GNOME Summer Of Code 2007: ranking.

As the April 9th deadline approaches, I am becoming more brutal with my ranking of the summer of code applications. The Google web application is still not a big help with managing them, but Lucas Rocha and Vincent Untz are doing the hard work to keep us organized.

We have approximately the same number of applications as last year, but there are some signifcant differences:

  • Last year (and before) a very large number of applications were complete crap, either being copy-pastes of our own project proposals, or one-line applications. This year we seem to have very few of these.
  • We have more than zero female candidates, though still not an acceptable amount. But it’s hard to guess at the gender of some of the names.

I think these changes are down to our poster drive this year, and the summer of code process being more familiar to people now. It means that we have a lot more text to read, and many more difficult decisions to make.

Hopefully it will allow us to choose some more genuinely useful projects than we have sometimes in the past. I’d like our students to learn to consider user goals and usability, and I’d like them to become involved with the community by writing code that others actually care about.

2 thoughts on “GNOME Summer Of Code 2007: ranking.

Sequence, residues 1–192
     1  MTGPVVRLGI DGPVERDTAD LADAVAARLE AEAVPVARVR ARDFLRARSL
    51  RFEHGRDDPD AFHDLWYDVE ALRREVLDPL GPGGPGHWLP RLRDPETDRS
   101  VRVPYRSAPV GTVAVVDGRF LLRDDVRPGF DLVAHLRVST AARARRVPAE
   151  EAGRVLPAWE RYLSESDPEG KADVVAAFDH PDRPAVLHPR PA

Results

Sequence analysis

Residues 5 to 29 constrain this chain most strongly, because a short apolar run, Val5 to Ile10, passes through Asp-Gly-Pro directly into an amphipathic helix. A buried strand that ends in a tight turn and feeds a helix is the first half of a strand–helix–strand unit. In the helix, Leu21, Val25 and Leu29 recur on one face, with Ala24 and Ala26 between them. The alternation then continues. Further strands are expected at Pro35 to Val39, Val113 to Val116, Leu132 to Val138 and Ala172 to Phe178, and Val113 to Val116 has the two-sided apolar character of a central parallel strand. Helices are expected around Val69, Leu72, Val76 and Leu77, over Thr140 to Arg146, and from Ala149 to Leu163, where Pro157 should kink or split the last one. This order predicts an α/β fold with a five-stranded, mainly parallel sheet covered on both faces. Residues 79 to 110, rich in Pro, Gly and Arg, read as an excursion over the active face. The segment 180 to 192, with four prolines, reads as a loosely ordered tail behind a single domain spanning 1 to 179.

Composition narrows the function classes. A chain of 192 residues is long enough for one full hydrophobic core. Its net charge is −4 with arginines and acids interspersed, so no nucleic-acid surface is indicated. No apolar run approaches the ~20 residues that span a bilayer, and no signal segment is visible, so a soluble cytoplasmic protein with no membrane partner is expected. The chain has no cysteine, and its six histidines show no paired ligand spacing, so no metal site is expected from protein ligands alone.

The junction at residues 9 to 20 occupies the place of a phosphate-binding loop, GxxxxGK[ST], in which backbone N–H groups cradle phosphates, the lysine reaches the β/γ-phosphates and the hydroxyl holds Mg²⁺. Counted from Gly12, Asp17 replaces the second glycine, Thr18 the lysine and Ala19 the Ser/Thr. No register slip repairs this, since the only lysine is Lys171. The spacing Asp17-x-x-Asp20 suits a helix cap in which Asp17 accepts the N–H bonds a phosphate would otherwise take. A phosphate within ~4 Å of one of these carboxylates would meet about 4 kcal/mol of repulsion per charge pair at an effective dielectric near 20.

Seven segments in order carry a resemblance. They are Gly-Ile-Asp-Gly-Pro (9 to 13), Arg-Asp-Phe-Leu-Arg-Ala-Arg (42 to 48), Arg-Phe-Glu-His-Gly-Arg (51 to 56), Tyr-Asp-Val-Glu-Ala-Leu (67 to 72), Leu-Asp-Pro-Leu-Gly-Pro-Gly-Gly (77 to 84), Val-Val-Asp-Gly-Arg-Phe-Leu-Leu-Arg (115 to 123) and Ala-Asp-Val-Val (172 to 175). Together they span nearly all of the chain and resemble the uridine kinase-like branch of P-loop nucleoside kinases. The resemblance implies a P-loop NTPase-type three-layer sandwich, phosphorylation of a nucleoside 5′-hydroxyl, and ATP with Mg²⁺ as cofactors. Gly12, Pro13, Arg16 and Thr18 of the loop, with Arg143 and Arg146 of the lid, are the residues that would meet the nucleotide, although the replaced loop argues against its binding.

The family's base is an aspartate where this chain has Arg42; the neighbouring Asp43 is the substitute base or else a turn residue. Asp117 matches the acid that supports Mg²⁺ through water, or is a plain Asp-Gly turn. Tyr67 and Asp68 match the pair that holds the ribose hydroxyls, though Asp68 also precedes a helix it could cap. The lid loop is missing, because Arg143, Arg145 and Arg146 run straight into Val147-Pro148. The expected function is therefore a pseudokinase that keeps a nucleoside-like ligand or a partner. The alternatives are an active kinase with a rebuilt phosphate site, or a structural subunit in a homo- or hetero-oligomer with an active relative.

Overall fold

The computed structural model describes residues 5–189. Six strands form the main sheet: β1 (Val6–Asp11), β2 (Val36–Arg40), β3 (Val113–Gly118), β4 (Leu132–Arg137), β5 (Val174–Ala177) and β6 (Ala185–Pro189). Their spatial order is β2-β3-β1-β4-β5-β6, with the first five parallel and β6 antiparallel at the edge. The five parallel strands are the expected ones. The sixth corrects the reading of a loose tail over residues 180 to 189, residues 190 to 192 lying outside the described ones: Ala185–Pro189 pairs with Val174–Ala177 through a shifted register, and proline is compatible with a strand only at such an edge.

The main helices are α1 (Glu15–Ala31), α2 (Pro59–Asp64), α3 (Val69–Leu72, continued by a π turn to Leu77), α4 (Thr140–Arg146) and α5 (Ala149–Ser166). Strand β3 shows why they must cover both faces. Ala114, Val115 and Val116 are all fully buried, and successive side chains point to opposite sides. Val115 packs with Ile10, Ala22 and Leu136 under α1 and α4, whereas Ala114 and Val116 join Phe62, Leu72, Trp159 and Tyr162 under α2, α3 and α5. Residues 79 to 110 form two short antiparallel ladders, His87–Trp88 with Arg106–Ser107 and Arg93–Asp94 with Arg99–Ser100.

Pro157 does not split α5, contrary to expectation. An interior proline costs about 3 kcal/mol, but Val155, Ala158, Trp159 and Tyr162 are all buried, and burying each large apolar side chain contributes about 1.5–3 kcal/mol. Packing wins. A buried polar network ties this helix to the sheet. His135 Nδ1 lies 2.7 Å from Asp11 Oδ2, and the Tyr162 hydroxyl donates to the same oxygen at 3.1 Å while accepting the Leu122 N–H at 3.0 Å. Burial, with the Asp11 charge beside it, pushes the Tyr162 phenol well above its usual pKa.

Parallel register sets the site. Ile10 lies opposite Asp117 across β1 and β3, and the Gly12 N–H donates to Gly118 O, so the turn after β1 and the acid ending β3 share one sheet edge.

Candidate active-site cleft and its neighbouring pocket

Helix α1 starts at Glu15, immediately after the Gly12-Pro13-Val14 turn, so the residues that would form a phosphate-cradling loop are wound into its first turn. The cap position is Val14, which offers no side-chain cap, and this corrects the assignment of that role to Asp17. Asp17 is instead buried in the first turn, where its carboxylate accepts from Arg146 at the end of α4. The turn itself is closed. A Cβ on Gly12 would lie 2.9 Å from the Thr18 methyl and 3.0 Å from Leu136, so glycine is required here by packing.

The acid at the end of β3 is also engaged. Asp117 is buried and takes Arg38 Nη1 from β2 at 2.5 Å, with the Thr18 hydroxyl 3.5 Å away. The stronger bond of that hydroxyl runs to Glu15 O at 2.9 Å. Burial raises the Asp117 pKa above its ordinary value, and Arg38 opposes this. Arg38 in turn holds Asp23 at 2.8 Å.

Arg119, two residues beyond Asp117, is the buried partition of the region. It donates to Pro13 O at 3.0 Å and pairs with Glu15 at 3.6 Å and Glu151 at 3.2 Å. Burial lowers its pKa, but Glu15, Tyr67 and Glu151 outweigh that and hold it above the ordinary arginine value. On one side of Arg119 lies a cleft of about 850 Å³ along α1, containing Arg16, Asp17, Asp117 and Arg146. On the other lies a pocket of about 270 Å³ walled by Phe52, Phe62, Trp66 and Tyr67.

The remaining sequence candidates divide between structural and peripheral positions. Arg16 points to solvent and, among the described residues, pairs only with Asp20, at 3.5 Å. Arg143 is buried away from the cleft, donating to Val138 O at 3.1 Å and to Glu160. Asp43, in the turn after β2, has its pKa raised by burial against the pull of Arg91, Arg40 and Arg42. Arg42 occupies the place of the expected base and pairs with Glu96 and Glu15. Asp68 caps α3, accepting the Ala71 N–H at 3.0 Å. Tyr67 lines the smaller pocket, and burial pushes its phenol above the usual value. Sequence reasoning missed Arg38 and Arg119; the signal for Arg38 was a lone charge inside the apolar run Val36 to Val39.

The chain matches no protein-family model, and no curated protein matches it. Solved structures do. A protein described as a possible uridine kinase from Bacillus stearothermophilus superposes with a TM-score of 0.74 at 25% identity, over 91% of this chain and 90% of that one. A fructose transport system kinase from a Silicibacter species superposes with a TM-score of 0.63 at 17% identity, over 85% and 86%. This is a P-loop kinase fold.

1. I signed up last year in the hope that I could provide some usabilty advice and help students avoid a few pitfalls and at least help them through the most important parts of the Human Interface Guidelines and maybe Accessibilty and Style guides too.

    In the end I wasn’t able to offer much in the way of help and it seems to me mentors must push studnets to use the normal channels of communication and get on the mailing list and on IRC and try to use the best practices from GNOME. Students are probably too used to working on their own. No need to show how brilliantly independant you are, the whole point of Summer of Code is to get help as much as possible (just give credit where credit is due) and to collaborate and become a normal part of the community.

    Glad to hear the projects are of a higher standard this year. Hope to see students asking questions on the usability list soon enough.

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